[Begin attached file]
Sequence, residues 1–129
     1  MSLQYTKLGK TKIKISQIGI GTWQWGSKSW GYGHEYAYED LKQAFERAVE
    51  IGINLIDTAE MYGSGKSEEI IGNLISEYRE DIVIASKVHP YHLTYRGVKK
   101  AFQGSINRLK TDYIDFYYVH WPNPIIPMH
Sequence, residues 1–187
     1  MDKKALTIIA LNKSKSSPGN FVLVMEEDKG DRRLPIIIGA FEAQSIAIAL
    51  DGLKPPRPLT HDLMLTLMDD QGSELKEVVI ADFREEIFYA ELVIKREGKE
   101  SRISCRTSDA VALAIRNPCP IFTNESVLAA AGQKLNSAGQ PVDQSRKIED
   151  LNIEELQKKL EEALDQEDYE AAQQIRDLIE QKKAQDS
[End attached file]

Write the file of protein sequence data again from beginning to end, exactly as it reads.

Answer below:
Sequence, residues 1–129
     1  MSLQYTKLGK TKIKISQIGI GTWQWGSKSW GYGHEYAYED LKQAFERAVE
    51  IGINLIDTAE MYGSGKSEEI IGNLISEYRE DIVIASKVHP YHLTYRGVKK
   101  AFQGSINRLK TDYIDFYYVH WPNPIIPMH
Sequence, residues 1–187
     1  MDKKALTIIA LNKSKSSPGN FVLVMEEDKG DRRLPIIIGA FEAQSIAIAL
    51  DGLKPPRPLT HDLMLTLMDD QGSELKEVVI ADFREEIFYA ELVIKREGKE
   101  SRISCRTSDA VALAIRNPCP IFTNESVLAA AGQKLNSAGQ PVDQSRKIED
   151  LNIEELQKKL EEALDQEDYE AAQQIRDLIE QKKAQDS